IPA research found that it takes years for emotional campaigns to see positive impact. So why should you spend millions of dollars on TV ads that delight, entertain, and create conversation instead of just shifting your budget to content marketing, native advertising, and social media? Because the business effects of emotionally appealing, long-term campaigns build more exponentially, showing a rise in profits as brand salience goes up.
Brand salience is great, but fame is better
In a world where we’re saturated by content, emotional appeal wins, hands down. This campaign is more likely to make you tear up than a cutesy Snapchat video you’ll likely forget almost instantly.
According to the IPA, the most potent emotional campaigns are “fame campaigns” that don’t just make people feel differently about a brand, but also inspire them to share their enthusiasm on digital and offline channels. And it’s not just qualitative impact — there’s a pricing lift to be seen when emotional campaigns can inspire sharing all around.
Take Axe’s ad campaign over the last decade, ads which played on variants of the same theme – sometimes borderline sexist, but overall well-known — of men using various tactics to attract women (or, as the IPA report puts it succinctly, “the mating game”.)
Axe achieved fame by doing three things successfully:
- Maintaining a steady stream of innovative expressions of the same theme
- Using that commitment to theme to build brand salience over time
- Leveraging TV, the channel with broadest reach that would hit new buyers, instead of targeting specific audiences or existing buyers
So what’s this mean for my marketing budget?
It is admittedly getting harder to reach an audience whose attention span gets shorter every few years. With mobile as the second screen, ad recall becomes even harder when you can do several other activities on mobile during a TV commercial break.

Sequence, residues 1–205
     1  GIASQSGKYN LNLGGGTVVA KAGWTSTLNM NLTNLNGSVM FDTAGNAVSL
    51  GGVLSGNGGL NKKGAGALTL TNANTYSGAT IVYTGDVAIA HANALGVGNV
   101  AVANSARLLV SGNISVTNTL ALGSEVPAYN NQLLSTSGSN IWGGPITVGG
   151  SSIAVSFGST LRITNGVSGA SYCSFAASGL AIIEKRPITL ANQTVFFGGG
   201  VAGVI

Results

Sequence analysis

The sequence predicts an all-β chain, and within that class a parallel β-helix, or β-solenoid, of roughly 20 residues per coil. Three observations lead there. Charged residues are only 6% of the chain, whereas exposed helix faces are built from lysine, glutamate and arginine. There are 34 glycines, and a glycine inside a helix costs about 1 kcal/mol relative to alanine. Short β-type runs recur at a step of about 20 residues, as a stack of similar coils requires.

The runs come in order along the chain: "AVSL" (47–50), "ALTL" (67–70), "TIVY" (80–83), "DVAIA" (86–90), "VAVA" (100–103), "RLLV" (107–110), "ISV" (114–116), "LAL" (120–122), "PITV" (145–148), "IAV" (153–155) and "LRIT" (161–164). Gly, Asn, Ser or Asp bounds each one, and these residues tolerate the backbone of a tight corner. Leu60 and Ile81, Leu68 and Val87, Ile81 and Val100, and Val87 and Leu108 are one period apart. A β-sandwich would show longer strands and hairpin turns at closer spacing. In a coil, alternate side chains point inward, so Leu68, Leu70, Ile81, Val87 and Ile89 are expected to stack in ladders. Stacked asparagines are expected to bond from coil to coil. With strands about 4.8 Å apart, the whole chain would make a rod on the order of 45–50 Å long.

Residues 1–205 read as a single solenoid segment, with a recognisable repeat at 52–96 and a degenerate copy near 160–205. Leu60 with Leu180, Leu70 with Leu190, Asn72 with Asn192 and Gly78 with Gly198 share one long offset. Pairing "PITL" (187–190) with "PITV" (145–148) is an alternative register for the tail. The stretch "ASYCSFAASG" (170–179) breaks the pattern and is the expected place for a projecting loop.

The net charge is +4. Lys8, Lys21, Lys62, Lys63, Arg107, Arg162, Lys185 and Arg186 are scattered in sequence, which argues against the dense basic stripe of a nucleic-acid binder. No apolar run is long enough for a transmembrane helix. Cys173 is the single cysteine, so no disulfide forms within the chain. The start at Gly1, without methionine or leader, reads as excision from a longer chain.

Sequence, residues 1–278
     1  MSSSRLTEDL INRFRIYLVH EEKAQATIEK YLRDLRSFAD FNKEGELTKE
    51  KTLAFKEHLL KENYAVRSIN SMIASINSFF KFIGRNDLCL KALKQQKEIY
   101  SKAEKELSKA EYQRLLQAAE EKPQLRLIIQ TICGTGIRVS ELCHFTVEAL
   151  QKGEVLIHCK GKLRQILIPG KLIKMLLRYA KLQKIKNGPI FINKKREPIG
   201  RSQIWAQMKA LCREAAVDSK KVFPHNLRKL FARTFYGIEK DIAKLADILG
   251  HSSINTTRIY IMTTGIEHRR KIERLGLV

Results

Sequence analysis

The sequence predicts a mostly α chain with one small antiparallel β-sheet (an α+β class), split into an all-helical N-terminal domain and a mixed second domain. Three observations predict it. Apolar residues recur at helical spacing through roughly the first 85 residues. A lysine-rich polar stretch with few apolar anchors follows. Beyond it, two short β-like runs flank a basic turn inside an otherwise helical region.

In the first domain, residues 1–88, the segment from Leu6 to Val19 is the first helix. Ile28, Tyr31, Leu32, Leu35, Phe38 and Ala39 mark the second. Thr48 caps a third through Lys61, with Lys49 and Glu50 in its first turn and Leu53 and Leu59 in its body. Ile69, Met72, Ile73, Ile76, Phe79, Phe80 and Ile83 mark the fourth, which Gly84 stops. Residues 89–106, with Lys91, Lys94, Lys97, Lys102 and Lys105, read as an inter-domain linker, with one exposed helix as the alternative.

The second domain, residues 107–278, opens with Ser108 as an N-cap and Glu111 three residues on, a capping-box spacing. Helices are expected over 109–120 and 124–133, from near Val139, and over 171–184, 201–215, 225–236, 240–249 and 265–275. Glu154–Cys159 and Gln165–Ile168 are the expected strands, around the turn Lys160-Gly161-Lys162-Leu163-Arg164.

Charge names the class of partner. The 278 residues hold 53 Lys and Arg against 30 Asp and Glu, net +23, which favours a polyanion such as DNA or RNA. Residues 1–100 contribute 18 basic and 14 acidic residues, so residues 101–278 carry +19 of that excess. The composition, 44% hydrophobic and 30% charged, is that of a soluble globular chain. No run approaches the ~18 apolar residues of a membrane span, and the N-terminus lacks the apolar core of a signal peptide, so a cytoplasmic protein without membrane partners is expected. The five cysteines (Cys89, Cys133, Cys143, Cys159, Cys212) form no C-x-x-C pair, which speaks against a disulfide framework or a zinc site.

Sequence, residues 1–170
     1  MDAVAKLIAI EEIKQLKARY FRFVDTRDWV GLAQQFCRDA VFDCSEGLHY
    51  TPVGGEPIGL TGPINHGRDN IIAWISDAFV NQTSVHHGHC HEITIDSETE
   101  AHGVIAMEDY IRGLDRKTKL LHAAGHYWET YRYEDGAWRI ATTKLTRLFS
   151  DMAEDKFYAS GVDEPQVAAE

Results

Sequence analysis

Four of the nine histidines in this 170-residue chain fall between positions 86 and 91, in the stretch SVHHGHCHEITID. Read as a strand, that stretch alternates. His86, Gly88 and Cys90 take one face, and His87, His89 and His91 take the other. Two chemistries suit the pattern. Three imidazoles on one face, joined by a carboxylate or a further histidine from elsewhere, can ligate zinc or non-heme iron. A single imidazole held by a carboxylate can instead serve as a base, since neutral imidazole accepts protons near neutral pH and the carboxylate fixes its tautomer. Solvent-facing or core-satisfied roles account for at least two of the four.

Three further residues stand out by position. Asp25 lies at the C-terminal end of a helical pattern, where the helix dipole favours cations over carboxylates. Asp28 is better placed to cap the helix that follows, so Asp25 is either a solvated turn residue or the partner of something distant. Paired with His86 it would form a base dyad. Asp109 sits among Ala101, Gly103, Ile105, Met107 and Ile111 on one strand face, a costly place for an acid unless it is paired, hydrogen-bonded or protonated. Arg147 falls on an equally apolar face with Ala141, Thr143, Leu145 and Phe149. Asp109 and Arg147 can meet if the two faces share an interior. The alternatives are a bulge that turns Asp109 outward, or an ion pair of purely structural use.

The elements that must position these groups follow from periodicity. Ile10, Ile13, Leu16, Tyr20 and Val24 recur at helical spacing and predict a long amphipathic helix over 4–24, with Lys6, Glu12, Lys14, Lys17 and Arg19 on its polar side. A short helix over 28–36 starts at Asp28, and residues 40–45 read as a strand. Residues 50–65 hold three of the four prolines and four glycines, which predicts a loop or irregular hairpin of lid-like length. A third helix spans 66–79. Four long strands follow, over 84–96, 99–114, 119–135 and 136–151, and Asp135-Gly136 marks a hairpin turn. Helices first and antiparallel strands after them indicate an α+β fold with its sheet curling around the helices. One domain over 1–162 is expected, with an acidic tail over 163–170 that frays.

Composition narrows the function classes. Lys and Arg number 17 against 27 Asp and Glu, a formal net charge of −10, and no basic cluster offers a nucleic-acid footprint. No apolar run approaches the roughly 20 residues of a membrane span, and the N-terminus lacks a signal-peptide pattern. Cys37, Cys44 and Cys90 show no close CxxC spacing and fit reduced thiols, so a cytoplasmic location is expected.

But even with these variables at play, it’s not a good enough reason to leave traditional channels out of the equation when planning your media spend. It’s incredibly easy to fall prey to short-term metrics when evaluating the success of your creative, but some of the best brands have waited years to see the effects of their campaigns on sales and buyer loyalty.
What is key, however, is to control non-working media expenses — the money brands put behind producing creative, including talent and agency costs, legal, and asset creation — and getting more mileage out of your working expenses, or the cost to distribute your creative. This is essential to building your long-term brand presence (and a sustainable creative organization). Of the 300+ CMOs and VPs of marketing we surveyed last November, 45% of them felt that better internal creative processes could help control costs.
On the distribution side, we predict marketers will look to allocate working spend to leveraging new channels. Streaming and on-demand services like Hulu are bringing not just TV, but ads online as well (and getting around ad-blocking). The mobile-as-second-screen phenomenon means brands can get to viewers on the smaller screen, even while they ignore or mute TV commercials.
On the non-working side, invest in creativity, because that’s what it’ll take to stand out. Revisiting process is also key: rethink how you’re storing and sharing assets across your organization and with external agency partners, reevaluate those approvals processes so you’re not wasting time and money in compliance discussions, and overhaul those Stone Age training programs.
We’re not looking at a world of cord-cutters any time soon. So before you make a bid for that BuzzFeed channel, remember that a lot of the best purchase decisions are made in a moment of impulse: leverage that insight and your creative will hopefully speak for itself.